October seems to be a month of changes in my life and becoming vegan was one of the best changes I’ve done and it was in October 1997. So this month I am celebrating 17 years as a vegan. I have written about my reasons to go vegan before so I won’t go back to it but I wanted to take a time of my day today to share with our readers who are not vegan yet a few tips to help you to go vegan.
Seventeen years ago I still listen to the same questions: “Do you find it hard to be vegan?” “Where do you get your protein?” “How about B12?” “Do you eat fish?” “Why not milk?”. Honestly I got used to them after all these years. When I was pregnant I got different ones: “You’re still vegan even pregnant?” “How about your iron?” “Do have cravings on meat or dairy?” and, as you can imagine, now most of the questions are regarding the fact that we are raising our son vegan: “How does he get all the vitamins?” “Isn’t it dangerous for him?” “What if he eats something non-vegan at someone’s house? Or in the creche?” “What if he decides to eat meat when he’s older?” As vegans we all know that the list of questions goes on and on. This is not a Q&A so I’m not answering any of them but I wanted to share what is one big aspect of becoming vegan: dealing with questions about your nutrition as you never had to deal before. So get ready for this and learn how to deal with them. Especially when you’re telling people you went vegan, questions will come and come. After all these years I realized that it’s not worth it to get angry (Oh, I got angry so many times about what people had to ask and say to me…). When I see that the person is genuine curious or interested, I answer with a more complete speech. If it’s just a form of bullying I just ignore, with a smile.
Questions are part of a biggest issue though: social life. I have to say, I am lucky. Really. My husband is vegan (veganism was the reason we started talking basically). My best friends are all vegans. My close friends are all vegans. Most of them are at least vegetarian. And, yes, I have friends who eat meat and my whole family too. But I know that most of the people who go vegan are surrounded by non-vegan people in a non-vegan world and going to family or friends parties, dinners, school, University, etc can sound like a huge challenge and it might be. Small tips here: breath and smile. If you’re going to a party or dinner where you know there will be no vegan options, eat before or after or take your own food if you can. Pack your lunch to school or University if they don’t offer vegan-friendly options. Learn how to cook if you have the chance too, it will make your life easier. Try to cook vegan food to your family and friends to show how tasty it is. And be patient. With time passing, people close to us get used – and more comfortable – with our choice.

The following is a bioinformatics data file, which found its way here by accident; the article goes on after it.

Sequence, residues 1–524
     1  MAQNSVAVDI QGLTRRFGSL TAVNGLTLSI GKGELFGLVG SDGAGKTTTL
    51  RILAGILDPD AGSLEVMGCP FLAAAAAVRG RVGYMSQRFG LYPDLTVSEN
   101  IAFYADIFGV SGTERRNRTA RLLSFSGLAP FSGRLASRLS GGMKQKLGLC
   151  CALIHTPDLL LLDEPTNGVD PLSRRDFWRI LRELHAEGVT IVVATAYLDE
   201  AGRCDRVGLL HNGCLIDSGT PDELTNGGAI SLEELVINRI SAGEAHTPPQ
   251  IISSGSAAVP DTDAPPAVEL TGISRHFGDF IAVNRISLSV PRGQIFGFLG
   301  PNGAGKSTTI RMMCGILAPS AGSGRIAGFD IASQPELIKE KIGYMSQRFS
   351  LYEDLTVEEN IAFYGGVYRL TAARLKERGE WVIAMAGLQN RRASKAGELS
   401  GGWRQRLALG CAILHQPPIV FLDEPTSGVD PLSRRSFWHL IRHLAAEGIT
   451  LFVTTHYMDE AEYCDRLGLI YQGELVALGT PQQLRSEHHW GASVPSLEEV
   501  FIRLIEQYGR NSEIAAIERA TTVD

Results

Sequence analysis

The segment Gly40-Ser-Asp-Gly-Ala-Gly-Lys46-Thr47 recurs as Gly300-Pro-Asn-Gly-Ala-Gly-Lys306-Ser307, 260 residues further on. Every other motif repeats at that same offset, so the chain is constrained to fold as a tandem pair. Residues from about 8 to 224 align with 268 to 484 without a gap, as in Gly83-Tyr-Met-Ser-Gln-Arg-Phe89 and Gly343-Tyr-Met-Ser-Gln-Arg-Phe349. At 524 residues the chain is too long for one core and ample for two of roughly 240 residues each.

Another tip: get informed. This is something to take with you forever. After seventeen years defining myself as a vegan I’m still learning. About hidden ingredients on foods, about GMOs, about animal rights. We never know enough. And it’s good to have positive conversations with non-vegans who want to learn more about veganism. Also, try to get to know more about other reasons to go vegan. My first reason to go vegan was animal rights, and then environment, but for years I wouldn’t care about heath. Today I try to connect my veganism with everything: animals (rights, compassion, preservation), our planet (environment, water, rainforest, preservation), yourself and human animals (health, compassion, peace, world hunger).
All these tips are for people who already took the decision and are in the first days or months of being vegan, right? But what about those who are still thinking about going vegan? Here’s a list of my top 5 websites and packages to encourage you to take this important step:
1. Try Vegan by The Vegan Society: The Vegan Society is one of the greatest source of information for any step of being vegan. Connect to them every time you think you need help or support!
2. Becoming Vegan: another website full of information, including food, clothes and other products.
3. Vegan.com Book Tips and more: yes, cookbooks are a great help. As I’ve said, learning to cook will be really useful and there are many great tips there!
4. Vegan Outreach Starter Guide: free to download (PDF format) and order a copy, this is a great guide covering from basics on veganism to nutritional advices.
5. Vegan Boxes: if you can afford their subscription, go for it! Getting to know about vegan products available in the market is great and you can be surprised by the fact that today there is a vegan version for almost everything non-vegan! My favorite ones are Vegan Cuts Snack Box (ships worldwide but free shipping in the US), The Vegan Box (Australia) and Vegan Tuck Box (also ships worldwide but cheaper to UK and Europe).
Vegan families and raising a vegan child: We’re planning to launch our new section soon! Please feel free to contact us if you want to get involved and if you have questions and doubts about vegan parenting!
Hope my tips were helpful and inspiring! Want to see many new vegans around here
And how about you, vegan readers, for how long are you living a cruelty-free life?